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We regularly receive questions about category pages and similar pages. It seems some of you are unsure of how to properly implement these. And sure, it’s good to think about this, as pages like category or tag pages can be thin content, if you do nothing to improve them. But you can also use these pages to your advantage!

It’s a good idea to give your category and tag pages some TLC, so there’s sufficient content on them. For product category pages, that means adding some text about that particular type of product, for example. So, what about food blogs? What should you do with your category and tag pages to help your recipes rank as best they can?

Analida Braeger emailed us her question on the subject:

Is it true that leaving tags, categories and paginated content open on a food blog hurts the ability of existing recipes to rank effectively? Should these be blocked with a ‘noindex, follow’ robots tag?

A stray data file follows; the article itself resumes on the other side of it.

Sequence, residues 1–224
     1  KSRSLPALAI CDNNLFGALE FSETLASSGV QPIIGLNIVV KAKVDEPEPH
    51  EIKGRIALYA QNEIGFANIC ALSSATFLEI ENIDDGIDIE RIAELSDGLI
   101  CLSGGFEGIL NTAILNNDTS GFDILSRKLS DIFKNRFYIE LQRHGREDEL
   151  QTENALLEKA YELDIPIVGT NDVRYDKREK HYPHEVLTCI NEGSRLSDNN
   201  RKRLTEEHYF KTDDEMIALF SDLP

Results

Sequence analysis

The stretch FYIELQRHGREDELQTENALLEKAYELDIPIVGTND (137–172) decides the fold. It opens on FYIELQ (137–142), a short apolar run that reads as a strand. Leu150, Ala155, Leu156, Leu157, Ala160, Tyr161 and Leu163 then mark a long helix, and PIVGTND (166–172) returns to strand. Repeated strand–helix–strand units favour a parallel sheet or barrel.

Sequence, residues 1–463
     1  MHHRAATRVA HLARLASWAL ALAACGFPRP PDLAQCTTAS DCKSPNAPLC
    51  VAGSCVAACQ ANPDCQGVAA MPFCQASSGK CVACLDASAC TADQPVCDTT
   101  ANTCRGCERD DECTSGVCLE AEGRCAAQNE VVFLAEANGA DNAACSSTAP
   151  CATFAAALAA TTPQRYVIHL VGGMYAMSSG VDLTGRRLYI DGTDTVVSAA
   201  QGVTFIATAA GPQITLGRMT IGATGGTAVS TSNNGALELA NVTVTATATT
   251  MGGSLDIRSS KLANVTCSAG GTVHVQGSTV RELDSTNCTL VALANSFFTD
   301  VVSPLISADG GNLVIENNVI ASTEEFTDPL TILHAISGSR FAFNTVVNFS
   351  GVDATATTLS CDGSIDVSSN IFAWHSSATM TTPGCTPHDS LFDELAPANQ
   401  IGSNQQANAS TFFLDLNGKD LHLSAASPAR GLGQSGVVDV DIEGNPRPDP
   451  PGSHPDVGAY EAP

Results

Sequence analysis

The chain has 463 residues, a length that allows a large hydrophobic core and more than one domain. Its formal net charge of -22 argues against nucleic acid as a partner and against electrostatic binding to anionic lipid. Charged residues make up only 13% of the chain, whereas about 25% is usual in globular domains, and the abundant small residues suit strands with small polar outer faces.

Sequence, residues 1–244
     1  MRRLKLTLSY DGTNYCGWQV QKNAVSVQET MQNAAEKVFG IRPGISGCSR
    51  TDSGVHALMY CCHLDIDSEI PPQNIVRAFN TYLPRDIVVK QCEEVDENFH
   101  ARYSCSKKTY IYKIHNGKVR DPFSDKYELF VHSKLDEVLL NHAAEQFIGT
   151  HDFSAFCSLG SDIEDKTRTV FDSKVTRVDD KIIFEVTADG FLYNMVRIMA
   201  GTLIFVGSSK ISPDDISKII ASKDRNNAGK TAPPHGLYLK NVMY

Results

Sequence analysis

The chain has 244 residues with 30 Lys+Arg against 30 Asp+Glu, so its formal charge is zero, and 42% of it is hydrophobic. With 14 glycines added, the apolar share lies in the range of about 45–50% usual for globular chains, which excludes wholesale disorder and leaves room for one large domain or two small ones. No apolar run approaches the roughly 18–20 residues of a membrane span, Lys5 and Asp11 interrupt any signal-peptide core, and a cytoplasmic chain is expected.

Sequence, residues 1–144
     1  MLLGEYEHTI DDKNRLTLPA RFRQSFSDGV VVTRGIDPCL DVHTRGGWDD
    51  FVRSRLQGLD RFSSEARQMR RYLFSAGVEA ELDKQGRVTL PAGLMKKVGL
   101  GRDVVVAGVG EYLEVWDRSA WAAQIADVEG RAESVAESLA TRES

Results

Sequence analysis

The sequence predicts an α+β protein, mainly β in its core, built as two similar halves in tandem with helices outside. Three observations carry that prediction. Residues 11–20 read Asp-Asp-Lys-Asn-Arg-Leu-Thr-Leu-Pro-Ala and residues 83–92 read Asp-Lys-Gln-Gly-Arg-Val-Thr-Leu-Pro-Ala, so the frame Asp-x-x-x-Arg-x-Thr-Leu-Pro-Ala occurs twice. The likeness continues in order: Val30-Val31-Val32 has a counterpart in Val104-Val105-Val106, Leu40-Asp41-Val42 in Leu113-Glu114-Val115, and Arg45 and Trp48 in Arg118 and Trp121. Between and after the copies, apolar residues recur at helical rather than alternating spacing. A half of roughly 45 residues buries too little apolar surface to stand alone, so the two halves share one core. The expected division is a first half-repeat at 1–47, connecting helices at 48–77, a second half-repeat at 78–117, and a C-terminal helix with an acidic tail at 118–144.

Watch the video or read the transcript further down the page for my answer!

Should you noindex tags and categories on food blogs?

“No, don’t noindex those pages. Category and tag pages are very important pages that you want crawled a lot. As soon as you start noindexing them, Google will crawl them less and less. So you shouldn’t do that.

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What you should do is optimize your category and tag pages for terms that are groups. So, if you have recipes, then you have groups of recipes too, and you should optimize those category and tag pages for those terms.

You should make sure that, for instance, for pasta recipes, your category page for that is good enough for people to land on. So, you should improve on those pages and make them better landing pages to land on from the search results and then they will get traffic for terms that are broader than the average recipe, and they’d be perfect pages. So, don’t noindex follow them, instead improve them. Good luck.”

Read on: ‘Using category and tag pages for SEO’ »

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There are many occassions when you may want to put a PDF on your site. For example, when you’ve made an online magazine, when an article you wrote was featured in a book or magazine, or when you’ve written detailed instructions for a DIY project. So far, so good.